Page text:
“I want this,” he says as he takes his third child, a daughter who was born in April, into his arms, “and I’m going to work extra hard for it.”
The next week in Kansas City, a volley careens off Brad Davis’ shoulder for an own goal that puts Real Salt Lake up 2-0 in the first half (WATCH). In the stadium where Salt Lake lost MLS Cup 2013 while Movsisyan was racking up goals for Spartak, Sporting cuts the lead at the start of the second half. Three minutes later, Movsisyan answers, dribbling 40 yards at speed before casually chipping the ball over goalkeeper Tim Melia (WATCH).
Down a goal on June 2 against New York City FC at Yankee Stadium, Movsisyan finds himself alone and tangled up with defender Jason Hernandez at the top of the penalty box. The next two seconds are no thing of beauty, rather brute force, as Movsisyan muscles his way goal side, leaving Hernandez on the ground as the ball finds the bottom corner of the net (WATCH).
Down again against Portland in Salt Lake’s next match, Movsisyan dribbles into the box, cutting back to leave defender Jermaine Taylor off balance and stretched to draw the foul. There’s no debate as to who will take the kick; Movsisyan immediately picks up the ball and takes it to the spot. Timbers keeper Jake Gleeson guesses correctly, but it does not matter (WATCH).
Down yet again against the New York Red Bulls just days later and flanked by both Aurelien Collin and Chris Duvall, Movsisyan somehow gets behind both of his marks to meet a floating cross from John Stertzer. The equalizing header seems almost effortless (WATCH).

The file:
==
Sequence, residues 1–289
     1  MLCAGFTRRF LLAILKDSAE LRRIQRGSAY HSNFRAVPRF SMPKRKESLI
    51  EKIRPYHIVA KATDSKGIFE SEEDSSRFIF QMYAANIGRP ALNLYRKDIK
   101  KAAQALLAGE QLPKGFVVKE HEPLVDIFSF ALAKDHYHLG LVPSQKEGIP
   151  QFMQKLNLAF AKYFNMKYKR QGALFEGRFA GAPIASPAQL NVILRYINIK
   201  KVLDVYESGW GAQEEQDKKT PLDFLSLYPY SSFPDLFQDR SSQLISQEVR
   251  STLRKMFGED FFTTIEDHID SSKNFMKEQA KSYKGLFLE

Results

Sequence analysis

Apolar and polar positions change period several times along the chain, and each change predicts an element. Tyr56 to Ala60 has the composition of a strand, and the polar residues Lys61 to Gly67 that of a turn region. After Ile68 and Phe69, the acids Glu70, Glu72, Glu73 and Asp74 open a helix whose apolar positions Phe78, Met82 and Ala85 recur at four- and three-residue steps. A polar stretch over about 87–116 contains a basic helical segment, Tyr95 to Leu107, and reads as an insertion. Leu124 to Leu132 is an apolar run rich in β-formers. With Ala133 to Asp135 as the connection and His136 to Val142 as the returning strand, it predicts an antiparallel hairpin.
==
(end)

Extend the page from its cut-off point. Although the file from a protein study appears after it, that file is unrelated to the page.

At the end of June, he’s named the Etihad Airways Player of the Month. He has six goals in 15 games, and seems to be hitting his stride as spring turns to summer.
Yes, he can still score like Yura Movsisyan. With the speed and finesse that made him so valuable in Russia. With the sort of brutish intensity Waibel first witnessed nearly a decade ago. With confidence and ascendance.
“You're never sure where you're going next”
There’s always a light on in Movsisyan’s bedroom. He’s never been quite sure why he doesn’t like to sleep in the dark.
But his mother knows.
“Every time we had to move,” Aida says, “we moved in the dark.”
These days, Aida’s greatest joy in life is knowing her grandchildren are safe.
“They don’t have to have hardships,” she says. “They don’t have to have dark times.”
Movsisyan has never worried about protecting his children from the sort of violence he witnessed as a child. That is a gift he was given by his parents, who fought desperately to ensure their two sons could raise their own children in a safe place.
But with his son now in school, and two daughters who will be getting there soon, Movsisyan would like to spare his kids the impermanence he experienced as a boy.
“The first thing I did, as soon as I could,” he says, “was to buy my parents their first house.” Movsisyan never bothered to do the same for himself, though, “because you’re never sure where you’re going next.”
But he’d like to be sure.
As Real Salt Lake approach a seven-game July, Movsisyan knows he is playing for more than an eventual playoff spot. More even than a chance to lift MLS Cup once again. But if those things happen, he notes, everything else should fall into place.
Movsisyan steps out onto the front porch, which overlooks the Salt Lake Valley, and leans against the railing.
Someday, he has told himself, he will have a home like this.
Missed Part 1 of Yura Movsisyan's story? Learn about his refugee journey from Baku, Azerbaijan, to Southern California here.
Matthew D. LaPlante is an assistant professor of journalism at Utah State University and a lifelong soccer player, coach, referee and fan. He was in Spartan Stadium on April 6, 1996, when San Jose defeated D.C. in the first match in Major League Soccer history.